Tuesday, April 12, 2011

Celebrating "Yuri's Night" -- 50 Years of Humans in Space

From the time I was a little girl, I was a HUGE fan of space flight.  I remember delivering fliers for the opening of my Uncle Jim's new gas station when everyone came outside to look at Sputnik.  The date was October 4, 1957.  We Americans were shocked into action as it was the U.S.S.R. that beat us into space.  Seeing that small satellite travel overhead when I was only eight years old triggered in me a lifelong interest in space.

As an adult I am a fan of NPR's Science Friday with Ira Flatow. Last Friday Ira discussed the upcoming 50th anniversary of Yuri Gargarin's flight into space.  There is a group that is organizing celebrations of this event all over the world.  The focus is on celebrating man's first spaceflight and the value of continued space exploration.

I'm also a "follower" of Neil deGrasse Tyson on twitter. Today's tweet was as follows:

He went on to explain that the first mammals to achieve orbit in order were: dog, guinea pig, mouse, Russian Human, chimpanzee and American human.

As a girl of 13, I started recording the history of Americans in space.  I recall the mix of excitement and anxiety that we experienced in those early days.  Space capsules dropped into the ocean following reentry and helicopters with divers were dispatched from naval ships to recover the astronauts.  It wasn't always a smooth recovery.

I was particularly interested in John Glenn.  Not only was he the first American to orbit the earth in space, but he was from Ohio.  I can't imagine the courage it took to be willing to climb into that capsule and be launched into space.  As we watched the launch on television, Americans burst with pride as Glenn reassured all of us that he felt fine.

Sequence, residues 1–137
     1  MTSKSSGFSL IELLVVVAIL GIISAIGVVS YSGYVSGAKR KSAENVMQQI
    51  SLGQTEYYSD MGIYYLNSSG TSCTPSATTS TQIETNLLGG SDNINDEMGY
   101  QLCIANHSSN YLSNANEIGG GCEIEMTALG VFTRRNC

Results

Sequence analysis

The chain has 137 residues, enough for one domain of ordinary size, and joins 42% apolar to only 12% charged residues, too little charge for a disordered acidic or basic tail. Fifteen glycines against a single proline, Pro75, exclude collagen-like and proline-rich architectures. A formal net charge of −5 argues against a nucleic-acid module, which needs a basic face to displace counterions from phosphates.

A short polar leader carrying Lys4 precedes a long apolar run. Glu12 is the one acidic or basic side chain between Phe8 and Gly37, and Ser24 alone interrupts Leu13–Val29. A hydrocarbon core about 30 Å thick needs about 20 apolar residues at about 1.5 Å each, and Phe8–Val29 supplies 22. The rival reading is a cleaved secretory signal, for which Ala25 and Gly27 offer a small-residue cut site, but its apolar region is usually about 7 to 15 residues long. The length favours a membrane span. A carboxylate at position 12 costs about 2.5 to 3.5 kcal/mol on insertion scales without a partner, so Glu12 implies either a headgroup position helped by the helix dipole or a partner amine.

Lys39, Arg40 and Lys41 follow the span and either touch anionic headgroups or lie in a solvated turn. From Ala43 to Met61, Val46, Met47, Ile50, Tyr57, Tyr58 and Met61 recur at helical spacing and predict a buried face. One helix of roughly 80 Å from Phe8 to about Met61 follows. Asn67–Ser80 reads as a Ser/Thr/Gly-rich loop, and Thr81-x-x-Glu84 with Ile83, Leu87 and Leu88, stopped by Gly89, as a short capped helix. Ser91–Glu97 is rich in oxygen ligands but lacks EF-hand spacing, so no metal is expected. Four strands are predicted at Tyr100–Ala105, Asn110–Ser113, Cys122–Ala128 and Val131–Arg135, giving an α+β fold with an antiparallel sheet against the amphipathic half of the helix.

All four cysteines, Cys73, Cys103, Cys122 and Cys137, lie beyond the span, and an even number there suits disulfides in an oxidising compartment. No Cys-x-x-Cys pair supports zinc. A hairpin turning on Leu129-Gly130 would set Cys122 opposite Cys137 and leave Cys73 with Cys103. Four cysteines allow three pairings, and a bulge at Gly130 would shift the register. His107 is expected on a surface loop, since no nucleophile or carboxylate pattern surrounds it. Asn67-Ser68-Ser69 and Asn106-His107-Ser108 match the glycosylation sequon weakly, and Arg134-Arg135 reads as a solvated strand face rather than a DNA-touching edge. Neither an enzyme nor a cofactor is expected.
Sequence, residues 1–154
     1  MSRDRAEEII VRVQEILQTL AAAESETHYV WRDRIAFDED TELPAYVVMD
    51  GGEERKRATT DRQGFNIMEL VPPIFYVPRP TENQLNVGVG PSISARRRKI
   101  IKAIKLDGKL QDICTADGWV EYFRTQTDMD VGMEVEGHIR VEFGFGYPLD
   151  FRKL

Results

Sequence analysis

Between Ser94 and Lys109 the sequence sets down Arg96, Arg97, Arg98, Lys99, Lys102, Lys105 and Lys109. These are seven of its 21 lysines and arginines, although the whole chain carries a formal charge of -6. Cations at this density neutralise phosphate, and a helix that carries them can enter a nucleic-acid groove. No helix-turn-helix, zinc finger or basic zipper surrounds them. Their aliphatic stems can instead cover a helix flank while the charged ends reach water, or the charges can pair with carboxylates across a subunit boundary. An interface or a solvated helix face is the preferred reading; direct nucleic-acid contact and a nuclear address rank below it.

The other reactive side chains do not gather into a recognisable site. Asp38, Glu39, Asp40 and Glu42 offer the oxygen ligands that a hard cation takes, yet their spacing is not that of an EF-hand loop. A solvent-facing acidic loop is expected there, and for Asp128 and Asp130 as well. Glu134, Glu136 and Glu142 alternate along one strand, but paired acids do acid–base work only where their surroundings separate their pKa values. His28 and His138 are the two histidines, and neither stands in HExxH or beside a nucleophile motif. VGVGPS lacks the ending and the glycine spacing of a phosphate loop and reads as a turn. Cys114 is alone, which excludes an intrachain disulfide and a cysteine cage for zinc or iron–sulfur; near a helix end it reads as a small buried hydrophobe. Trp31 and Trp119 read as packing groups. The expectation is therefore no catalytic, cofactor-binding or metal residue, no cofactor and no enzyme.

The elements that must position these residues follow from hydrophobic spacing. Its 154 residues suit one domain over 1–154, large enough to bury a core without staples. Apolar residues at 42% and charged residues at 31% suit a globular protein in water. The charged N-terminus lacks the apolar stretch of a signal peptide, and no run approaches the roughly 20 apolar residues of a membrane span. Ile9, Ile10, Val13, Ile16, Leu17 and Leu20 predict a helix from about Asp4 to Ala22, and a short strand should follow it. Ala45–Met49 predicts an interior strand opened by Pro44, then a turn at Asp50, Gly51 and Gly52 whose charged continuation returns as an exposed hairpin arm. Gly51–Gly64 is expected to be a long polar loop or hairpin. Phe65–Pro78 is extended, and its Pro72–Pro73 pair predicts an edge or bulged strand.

Our local newspaper did its best to try to convince us that we were catching up with the Soviets by publishing this chart.  However, Soviet cosmonaut Titov had orbited the earth 17 times a full six months before Glenn traveled into space.

On this the 50th anniversary of man's entry into space, I can't help but think about the sacrifices in both capital and lives lost that have contributed to where we are now. We have an INTERNATIONAL space station -- a microcosm of what cooperation among nations and BOTH men and women can mean to our future on this planet. In these difficult financial times, I can't help but wonder where we will be on the centennial anniversary of our entry into space.

I did my best as a science teacher of 5th and 6th grade students to share my love of space with the next generation. This picture is of my students at the School for Creative and Performing Arts in Cincinnati mugging for the camera.  This and several other pictures were mailed to John Glenn.

Wishing everyone a happy Yuri's Night. Dreaming of a world of cooperation among humans from all nations. 

Note:  If you share my interest in this topic, you may want to read this link.  This link discusses a book to be released next month that discusses what amounted to a suicide mission of a Russian cosmonaut.  It is an amazing story.

Check out this youtube video produced by NASA to celebrate Yuri's Night. I don't want to spoil it -- so just watch.

1 comment:

  1. You made my day - my week - with this Kathy. Bolling's Suite for Flute & Jazz piano and Jethro Tull were and still are on all my playlists. Never thought I'd hear Anderson doing it. Pair them with your scrapbooks and clear passion and it's my favorite post of the month. Thank you!


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